- 42. Sha T, Yan Y, Cheng W. Associations of childhood socioeconomic status with mid-life and late-life cognition in Chinese middle-aged and older population based on a 5-year period cohort study. Int. J. Geriatr. Psych. 2018;33(10):1335–45. pmid:29971839
- 43. Ranson KE, Urichuk LJ. The effect of parent-child attachment relationships on child biopsychosocial outcomes: a review. Early Child Development and Care. 2008;178(2):129–52.
- 44. Thompson RA. Early attachment and later development: Familiar questions, new answers. New York: NY: The Guilford Press; 2008.
- 45. Ferraro KF, Shippee TP. Aging and cumulative inequality: How does inequality get under the skin? The Gerontologist. 2009;49(3):333–43. pmid:19377044
- 46. Levitan RD, Rector NA, Sheldon T, Goering P. Childhood adversities associated with major depression and/or anxiety disorders in a community sample of Ontario: Issues of co‐morbidity and specificity. Depress. Anxiety. 2003;17(1):34–42. pmid:12577276
- 47. Herrenkohl TI, Hong S, Klika JB, Herrenkohl RC, Russo MJ. Developmental impacts of child abuse and neglect related to adult mental health, substance use, and physical health. J. Fam. Violence. 2013;28(2):191–9.
- 48. Gonzalez A, Boyle MH, Kyu HH, Georgiades K, Duncan L, MacMillan HL. Childhood and family influences on depression, chronic physical conditions, and their comorbidity: findings from the Ontario Child Health Study. J. Psychiatr. Res. 2012;46(11):1475–82. pmid:22959202
- 49. Hovens JG, Wiersma JE, Giltay EJ, Van Oppen P, Spinhoven P, Penninx BW, et al. Childhood life events and childhood trauma in adult patients with depressive, anxiety and comorbid disorders vs. controls. Acta Psychiatr. Scand. 2010;122(1):66–74. pmid:19878136
- 50. Tian F, Meng SS, Qiu P. Childhood adversities and mid-late depressive symptoms over the life course: Evidence from the China health and retirement longitudinal study. J. Affect. Disord. 2019;245:668–78. pmid:30445392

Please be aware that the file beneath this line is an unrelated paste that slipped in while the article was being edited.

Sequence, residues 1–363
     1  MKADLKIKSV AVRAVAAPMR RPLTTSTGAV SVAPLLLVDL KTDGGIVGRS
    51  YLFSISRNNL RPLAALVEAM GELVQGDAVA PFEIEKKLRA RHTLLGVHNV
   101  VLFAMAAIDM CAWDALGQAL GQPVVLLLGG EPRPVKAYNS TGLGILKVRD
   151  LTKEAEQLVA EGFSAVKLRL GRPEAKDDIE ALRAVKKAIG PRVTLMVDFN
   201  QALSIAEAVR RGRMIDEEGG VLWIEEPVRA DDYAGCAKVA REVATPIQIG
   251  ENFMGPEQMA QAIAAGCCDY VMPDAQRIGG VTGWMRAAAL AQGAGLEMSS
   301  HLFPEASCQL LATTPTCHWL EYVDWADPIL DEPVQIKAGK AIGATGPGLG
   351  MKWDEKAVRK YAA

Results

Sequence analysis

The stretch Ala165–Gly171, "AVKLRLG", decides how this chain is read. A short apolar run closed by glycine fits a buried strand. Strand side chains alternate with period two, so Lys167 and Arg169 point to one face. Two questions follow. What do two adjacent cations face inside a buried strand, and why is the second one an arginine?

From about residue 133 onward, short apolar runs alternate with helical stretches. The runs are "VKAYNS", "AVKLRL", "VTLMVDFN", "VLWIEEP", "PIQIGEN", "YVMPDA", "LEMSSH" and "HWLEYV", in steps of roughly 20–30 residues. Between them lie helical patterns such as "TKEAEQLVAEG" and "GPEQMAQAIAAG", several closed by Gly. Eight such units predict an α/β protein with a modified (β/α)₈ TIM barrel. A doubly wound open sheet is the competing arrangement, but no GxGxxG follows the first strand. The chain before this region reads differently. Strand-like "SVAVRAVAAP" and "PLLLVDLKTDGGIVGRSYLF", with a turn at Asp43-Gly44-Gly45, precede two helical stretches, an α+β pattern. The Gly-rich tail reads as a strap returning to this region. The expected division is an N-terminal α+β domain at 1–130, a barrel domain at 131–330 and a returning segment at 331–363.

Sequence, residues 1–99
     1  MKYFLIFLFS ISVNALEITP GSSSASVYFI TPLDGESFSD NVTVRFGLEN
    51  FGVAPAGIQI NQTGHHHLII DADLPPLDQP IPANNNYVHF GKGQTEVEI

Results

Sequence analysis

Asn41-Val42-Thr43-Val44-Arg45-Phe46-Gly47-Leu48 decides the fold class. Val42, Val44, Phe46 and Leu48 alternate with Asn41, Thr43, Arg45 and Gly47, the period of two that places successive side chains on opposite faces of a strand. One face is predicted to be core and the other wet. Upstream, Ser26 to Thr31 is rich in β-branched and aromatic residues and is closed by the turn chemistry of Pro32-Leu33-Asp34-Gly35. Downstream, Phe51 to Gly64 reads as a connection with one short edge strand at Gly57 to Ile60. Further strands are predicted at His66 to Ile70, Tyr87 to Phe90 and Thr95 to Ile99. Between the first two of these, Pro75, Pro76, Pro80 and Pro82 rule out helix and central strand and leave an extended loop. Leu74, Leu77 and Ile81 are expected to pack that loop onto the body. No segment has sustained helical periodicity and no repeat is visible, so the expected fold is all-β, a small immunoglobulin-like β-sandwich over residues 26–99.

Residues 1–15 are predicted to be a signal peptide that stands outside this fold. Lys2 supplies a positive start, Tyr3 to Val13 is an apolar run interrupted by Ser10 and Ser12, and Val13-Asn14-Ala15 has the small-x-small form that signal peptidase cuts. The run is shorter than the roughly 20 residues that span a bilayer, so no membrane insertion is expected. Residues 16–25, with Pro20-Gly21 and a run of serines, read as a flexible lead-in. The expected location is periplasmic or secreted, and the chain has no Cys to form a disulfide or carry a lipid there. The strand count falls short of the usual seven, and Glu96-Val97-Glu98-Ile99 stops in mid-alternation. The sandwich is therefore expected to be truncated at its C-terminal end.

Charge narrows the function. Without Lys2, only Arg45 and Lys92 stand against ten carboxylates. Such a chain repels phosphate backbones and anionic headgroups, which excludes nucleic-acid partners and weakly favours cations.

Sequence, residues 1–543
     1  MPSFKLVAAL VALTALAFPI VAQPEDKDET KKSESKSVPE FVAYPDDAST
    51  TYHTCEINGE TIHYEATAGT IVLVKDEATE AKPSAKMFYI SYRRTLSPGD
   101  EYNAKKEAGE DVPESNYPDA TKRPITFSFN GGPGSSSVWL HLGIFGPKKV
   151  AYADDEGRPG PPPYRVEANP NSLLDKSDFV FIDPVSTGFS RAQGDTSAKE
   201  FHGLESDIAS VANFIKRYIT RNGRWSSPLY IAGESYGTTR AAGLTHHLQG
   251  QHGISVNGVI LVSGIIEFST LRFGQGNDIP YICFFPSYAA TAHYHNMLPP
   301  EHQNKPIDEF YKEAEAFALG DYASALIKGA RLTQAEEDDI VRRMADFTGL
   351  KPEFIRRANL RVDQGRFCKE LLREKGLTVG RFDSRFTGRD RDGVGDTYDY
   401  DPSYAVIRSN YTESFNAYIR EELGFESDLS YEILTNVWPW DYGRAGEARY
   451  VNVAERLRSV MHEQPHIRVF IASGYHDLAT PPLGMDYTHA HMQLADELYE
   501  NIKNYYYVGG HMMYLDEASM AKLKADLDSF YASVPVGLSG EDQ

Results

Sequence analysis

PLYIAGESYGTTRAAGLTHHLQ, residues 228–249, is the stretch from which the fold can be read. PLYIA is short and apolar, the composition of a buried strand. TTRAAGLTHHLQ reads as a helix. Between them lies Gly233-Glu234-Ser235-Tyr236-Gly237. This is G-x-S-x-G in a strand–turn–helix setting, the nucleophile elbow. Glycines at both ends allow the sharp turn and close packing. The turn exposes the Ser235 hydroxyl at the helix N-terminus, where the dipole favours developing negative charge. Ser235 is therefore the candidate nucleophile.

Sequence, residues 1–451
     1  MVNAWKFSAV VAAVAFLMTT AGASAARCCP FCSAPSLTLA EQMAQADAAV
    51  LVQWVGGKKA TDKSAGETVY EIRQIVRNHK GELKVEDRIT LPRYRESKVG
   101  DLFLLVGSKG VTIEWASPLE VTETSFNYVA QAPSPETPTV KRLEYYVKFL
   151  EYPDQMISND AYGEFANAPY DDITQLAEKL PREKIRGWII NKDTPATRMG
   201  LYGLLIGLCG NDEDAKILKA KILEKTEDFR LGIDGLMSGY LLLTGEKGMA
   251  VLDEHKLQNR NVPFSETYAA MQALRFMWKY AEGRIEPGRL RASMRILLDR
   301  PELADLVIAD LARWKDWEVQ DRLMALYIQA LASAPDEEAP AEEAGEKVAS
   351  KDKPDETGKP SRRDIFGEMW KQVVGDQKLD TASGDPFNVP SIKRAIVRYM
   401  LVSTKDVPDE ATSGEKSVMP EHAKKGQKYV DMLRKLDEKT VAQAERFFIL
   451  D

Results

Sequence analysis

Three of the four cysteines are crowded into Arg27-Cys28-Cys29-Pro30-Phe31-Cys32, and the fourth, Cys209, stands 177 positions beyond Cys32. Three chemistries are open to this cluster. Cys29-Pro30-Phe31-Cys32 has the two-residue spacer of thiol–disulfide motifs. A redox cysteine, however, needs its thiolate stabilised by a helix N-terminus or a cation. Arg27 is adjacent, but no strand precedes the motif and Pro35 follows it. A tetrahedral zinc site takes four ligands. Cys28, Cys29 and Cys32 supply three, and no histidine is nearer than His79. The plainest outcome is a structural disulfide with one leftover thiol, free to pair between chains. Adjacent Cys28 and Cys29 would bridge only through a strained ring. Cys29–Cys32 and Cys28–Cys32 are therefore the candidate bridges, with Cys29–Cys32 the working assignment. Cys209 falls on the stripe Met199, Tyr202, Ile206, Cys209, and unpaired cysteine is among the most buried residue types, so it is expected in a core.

- 51. McManus BM, Poehlmann J. Parent-child interaction, maternal depressive symptoms and preterm infant cognitive function. Infant Behav. Dev. 2012;35(3):489–98. pmid:22721747
- 52. Slomian J, Honvo G, Emonts P, Reginster J-Y, Bruyère O. Consequences of maternal postpartum depression: A systematic review of maternal and infant outcomes. Womens Health. 2019;15(1780):174550651984404. pmid:31035856
- 53. Stein A, Pearson RM, Goodman SH, Rapa E, Rahman A, McCallum M, et al. Effects of perinatal mental disorders on the fetus and child. The Lancet. 2014;384(9956):1800–19. pmid:25455250
- 54. Bennett AC, Brewer KC, Rankin KM. The association of child mental health conditions and parent mental health status among US children, 2007. Matern. Child Hlth. J. 2012;16(6):1266–75.
- 55. Weissman MM, Berry OO, Warner V, Gameroff MJ, Skipper J, Talati A, et al. A 30-year study of 3 generations at high risk and low risk for depression. JAMA Psychiatry. 2016;73(9):970–7. pmid:27532344
- 56. Mazurek MO, Kanne SM. Friendship and internalizing symptoms among children and adolescents with ASD. J. Autism Dev. Disord. 2010;40:1512–20. pmid:20405193
- 57. Mikami AY. The importance of friendship for youth with attention-deficit/hyperactivity disorder. Clin. Child Fam. Psychol. Rev. 2010;13:181–98. pmid:20490677
- 58. Van Harmelen AL, Kievit RA, Ioannidis K, Neufeld S, Jones PB, Bullmore E, et al. Adolescent friendships predict later resilient functioning across psychosocial domains in a healthy community cohort. Psychol. Med. 2017;47:2312–22. pmid:28397612
- 59. Marver JE, Galfalvy HC, Burke AK, Sublette ME, Oquendo MA, Mann JJ, et al. Friendship, Depression, and Suicide Attempts in Adults: Exploratory Analysis of a Longitudinal Follow‐Up Study. Suicide Life‐Threat. 2017;47(6):660–71.
- 60. Teo AR, Choi H, Valenstein M. Social relationships and depression: ten-year follow-up from a nationally representative study. PLoS One. 2013;8(4):e62396. pmid:23646128
- 61. Sakyi KS, Surkan PJ, Fombonne E, Chollet A, Melchior M. Childhood friendships and psychological difficulties in young adulthood: an 18-year follow-up study. Eur. Child Adolesc. Psychiatry. 2015;24(7):815–26. pmid:25316094